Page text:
Late last week, just after Heritage Day in fact, Huawei placed a new wearable up for pre-order on its local site – the Huawei Watch Fit. This latest device was one of six that the company revealed at its Developer Conference earlier in the month, and we were lucky enough to be sent one for review.
Said review is still in the offing, but seeing as how we received the device before its official launch locally, we thought we’d offer up our first impressions of the Huawei Watch Fit.
So here are our thoughts on the wearable after about 24 hours of use.
Let’s start with design. Here we received the black model review. The silicon strap itself is black, but we’d place the frame of this smartwatch in the gunmetal grey category. Either way the combination is quite subtle, rather stealthy, and therefore right up our alley.
It should also be noted that the design of the Apple Watch is a clear inspiration here. Huawei would never admit as much, but it is the first thing we thought when the Watch Fit was revealed earlier in the year.
Not as square as the Apple Watch, this offering is a little taller at 46mm. It isn’t overly narrow though, so it straddles the line between smartwatch and smart band.
Either way it feels premium thanks to its metal body. The screen, which is 1.64″ AMOLED affair, also feels suitably premium. On the auto brightness setting (there are five different levels), content also looks crisp and clear on the Watch Fit.
Initially we thought the R2 999 asking price was a touch steep, but if we’re going off of the design alone, it feels well worth the tag.
So setup of this device was simple and straightforward. You’ll need to have the Huawei Health app installed on your device, which in our case was the P40 Pro 5G (running HMS). There’s an iOS compatible version if you’re wondering, although we can’t speak to the setup experience for that ecosystem.
As for the Android/HMS version though, a few simple taps to select and pair your device and you should be good to go. It should be noted though, that out of the box we needed a 95MB update to download first in order to complete the setup process. The download, transfer and install all took about 10 minutes to finish, and from there, the Watch Fit was useable.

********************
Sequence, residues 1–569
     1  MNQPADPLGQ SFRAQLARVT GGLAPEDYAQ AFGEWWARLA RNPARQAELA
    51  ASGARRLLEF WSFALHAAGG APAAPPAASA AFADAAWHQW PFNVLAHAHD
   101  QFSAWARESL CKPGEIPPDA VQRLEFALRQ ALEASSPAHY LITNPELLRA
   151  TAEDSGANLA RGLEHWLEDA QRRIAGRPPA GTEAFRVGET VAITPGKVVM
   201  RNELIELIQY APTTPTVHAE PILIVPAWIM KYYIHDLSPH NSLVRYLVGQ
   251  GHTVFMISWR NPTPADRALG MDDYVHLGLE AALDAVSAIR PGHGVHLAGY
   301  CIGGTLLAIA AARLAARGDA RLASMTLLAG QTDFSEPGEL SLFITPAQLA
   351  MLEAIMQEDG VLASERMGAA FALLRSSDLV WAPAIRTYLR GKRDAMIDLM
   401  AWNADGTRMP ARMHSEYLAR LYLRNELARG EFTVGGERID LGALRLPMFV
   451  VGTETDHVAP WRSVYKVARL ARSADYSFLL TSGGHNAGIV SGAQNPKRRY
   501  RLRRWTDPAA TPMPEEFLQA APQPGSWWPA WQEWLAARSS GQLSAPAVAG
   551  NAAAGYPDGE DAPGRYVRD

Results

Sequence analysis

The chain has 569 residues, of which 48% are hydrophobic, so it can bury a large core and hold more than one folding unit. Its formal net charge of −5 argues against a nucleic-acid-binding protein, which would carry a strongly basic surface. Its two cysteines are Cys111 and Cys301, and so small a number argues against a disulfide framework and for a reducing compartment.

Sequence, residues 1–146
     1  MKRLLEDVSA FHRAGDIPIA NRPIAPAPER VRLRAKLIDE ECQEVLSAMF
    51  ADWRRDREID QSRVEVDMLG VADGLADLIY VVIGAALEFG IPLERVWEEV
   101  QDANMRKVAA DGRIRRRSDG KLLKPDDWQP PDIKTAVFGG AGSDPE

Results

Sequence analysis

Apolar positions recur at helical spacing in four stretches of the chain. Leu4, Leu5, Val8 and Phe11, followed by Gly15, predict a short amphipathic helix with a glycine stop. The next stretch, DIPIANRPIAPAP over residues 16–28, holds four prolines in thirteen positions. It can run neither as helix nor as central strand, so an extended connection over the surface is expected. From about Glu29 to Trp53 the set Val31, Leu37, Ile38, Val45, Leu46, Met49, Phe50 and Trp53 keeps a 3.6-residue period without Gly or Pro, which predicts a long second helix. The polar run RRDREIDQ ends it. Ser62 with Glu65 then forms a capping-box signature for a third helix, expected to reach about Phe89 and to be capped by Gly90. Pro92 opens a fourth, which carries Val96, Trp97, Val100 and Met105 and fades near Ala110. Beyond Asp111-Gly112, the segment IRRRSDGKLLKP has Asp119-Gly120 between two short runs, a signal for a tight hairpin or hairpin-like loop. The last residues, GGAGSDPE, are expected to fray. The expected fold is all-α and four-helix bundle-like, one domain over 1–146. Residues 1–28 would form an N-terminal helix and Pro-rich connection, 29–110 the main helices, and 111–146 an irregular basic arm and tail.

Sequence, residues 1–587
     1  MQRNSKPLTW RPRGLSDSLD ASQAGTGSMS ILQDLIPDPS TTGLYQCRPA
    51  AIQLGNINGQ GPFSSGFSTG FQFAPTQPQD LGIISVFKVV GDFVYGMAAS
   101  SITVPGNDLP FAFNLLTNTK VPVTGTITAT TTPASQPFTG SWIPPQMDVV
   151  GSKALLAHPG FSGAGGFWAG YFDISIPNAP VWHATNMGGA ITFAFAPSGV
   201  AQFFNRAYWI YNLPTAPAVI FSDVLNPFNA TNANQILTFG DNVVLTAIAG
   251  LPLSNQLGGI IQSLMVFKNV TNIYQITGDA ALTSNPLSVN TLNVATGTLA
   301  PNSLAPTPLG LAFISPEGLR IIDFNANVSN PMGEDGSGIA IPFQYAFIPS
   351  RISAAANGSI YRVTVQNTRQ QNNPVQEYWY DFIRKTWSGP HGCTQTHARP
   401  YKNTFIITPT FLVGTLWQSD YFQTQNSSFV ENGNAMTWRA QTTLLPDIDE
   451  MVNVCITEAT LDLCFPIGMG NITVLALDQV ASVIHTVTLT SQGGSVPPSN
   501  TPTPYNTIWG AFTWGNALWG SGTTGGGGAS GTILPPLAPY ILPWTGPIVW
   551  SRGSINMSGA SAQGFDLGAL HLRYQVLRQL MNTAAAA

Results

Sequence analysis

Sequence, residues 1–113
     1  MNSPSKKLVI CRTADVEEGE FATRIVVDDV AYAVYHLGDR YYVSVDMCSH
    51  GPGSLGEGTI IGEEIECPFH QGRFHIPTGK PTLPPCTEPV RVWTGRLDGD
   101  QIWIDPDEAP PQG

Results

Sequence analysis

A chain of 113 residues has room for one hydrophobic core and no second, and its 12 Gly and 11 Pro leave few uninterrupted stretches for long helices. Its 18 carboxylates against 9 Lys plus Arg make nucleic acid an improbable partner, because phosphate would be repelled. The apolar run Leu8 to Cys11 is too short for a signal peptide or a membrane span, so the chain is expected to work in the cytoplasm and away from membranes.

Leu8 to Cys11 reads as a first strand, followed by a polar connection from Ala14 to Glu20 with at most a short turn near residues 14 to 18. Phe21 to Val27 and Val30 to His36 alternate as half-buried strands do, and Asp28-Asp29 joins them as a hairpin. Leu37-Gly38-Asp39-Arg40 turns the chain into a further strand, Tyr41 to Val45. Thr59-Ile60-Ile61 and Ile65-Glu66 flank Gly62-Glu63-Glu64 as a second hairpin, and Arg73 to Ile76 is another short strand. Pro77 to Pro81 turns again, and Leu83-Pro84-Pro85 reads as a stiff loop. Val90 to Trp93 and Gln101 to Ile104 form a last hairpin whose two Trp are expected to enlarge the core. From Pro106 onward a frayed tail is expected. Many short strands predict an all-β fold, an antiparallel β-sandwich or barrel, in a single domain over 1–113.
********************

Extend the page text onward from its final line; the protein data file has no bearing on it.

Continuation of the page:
What we have noted though, is that Huawei has kept the experience on this device rather refined and focused solely on the essentials. Perhaps it’s because there is less screen real estate than a circular Huawei Watch GT model, but outside of tracking activity, heart rate, stress levels and sending you phone notifications, that’s about it.
While this may seem like a criticism that you’re not getting a fully fledged smartwatch experience, all the essentials are there.
As such, it seems like the Watch Fit is aimed at those who want a good fitness tracker rather than an all out smartwatch.
This brings us to some of the features mentioned above. The heart rate sensor is relatively accurate, with it being about one to two BPMs off of a dedicated heart rate monitor, which is an acceptable margin of error in our view.
We went with the standard Magnified watch face (pictured in the header), which places the live heart rate info in one of the four circles of the face design. This means you don’t need to swipe to access your basic heart rate info, which is something we like.
As with other smartwatches from Huawei, it looks like battery life is a big selling point with the Watch Fit. It can’t last two weeks, like the Watch GT models, but Huawei has it listed at up to 10 days.
Out of the box, the device had 65 percent battery life. We have not charged it over the first 24 hours, and at the time of writing, the battery percentage reads 56, so it looks like we may be able to push past the 10 days listed, but our full review will confirm this.
As for some of the other features, things like music player control works well. You can’t do a deep dive on Spotify for example, but can perform basic tasks like play/pause and skip tracks. That said, you’ll need to have your phone or media player close at hand if you to listen to music while working out with the Watch Fit.
While it is still the very early days in our review time with the Huawei Watch Fit, the first impressions have generally been positive.
The device appears to nestle somewhere between a fitness band and smartwatch, so it remains to be seen what kind of market there is for it, but it could be a worthwhile option for those less keen on investing in a fully fledged smartwatch.
The R2 999 asking price is R500 to R700 more than we were expecting to pay on this model though, but Huawei is sweetening the deal locally on its Store by bundling the Watch Fit with a Smart Scale, so that may be worth looking into.
You’ll be able to check in with us in about two weeks to see whether the positive first impressions have remained so.